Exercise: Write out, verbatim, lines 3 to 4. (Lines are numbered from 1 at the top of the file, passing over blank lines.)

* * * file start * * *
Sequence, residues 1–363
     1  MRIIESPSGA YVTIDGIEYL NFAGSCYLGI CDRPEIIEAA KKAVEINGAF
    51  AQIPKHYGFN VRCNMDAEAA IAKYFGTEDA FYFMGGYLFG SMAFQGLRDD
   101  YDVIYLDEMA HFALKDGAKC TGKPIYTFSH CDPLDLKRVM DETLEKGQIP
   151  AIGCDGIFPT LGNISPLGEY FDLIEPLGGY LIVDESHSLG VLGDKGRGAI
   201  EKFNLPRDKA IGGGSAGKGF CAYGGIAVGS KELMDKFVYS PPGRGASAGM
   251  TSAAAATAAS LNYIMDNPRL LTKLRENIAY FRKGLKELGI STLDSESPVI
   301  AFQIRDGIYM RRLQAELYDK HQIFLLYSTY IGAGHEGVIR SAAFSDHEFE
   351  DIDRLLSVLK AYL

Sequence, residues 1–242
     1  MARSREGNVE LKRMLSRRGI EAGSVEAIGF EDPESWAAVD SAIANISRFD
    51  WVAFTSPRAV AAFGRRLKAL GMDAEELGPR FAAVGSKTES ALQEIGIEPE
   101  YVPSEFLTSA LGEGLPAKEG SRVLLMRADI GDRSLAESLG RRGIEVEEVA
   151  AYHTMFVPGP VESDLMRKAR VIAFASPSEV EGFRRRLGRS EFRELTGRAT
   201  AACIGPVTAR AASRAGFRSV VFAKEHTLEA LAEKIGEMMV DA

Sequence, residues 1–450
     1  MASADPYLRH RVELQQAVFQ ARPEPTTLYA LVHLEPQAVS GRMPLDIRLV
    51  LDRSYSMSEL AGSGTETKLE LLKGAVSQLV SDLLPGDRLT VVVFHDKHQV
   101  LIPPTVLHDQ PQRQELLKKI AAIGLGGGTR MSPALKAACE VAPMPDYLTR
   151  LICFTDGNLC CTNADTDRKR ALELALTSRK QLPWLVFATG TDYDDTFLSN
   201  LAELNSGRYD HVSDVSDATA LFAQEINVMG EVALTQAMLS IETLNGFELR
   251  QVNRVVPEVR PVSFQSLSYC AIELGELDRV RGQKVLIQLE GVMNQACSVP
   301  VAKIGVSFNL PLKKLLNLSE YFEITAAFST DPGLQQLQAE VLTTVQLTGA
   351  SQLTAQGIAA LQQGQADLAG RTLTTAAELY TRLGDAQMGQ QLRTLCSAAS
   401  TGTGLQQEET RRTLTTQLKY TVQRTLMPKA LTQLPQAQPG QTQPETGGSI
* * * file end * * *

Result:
    51  AQIPKHYGFN VRCNMDAEAA IAKYFGTEDA FYFMGGYLFG SMAFQGLRDD
   101  YDVIYLDEMA HFALKDGAKC TGKPIYTFSH CDPLDLKRVM DETLEKGQIP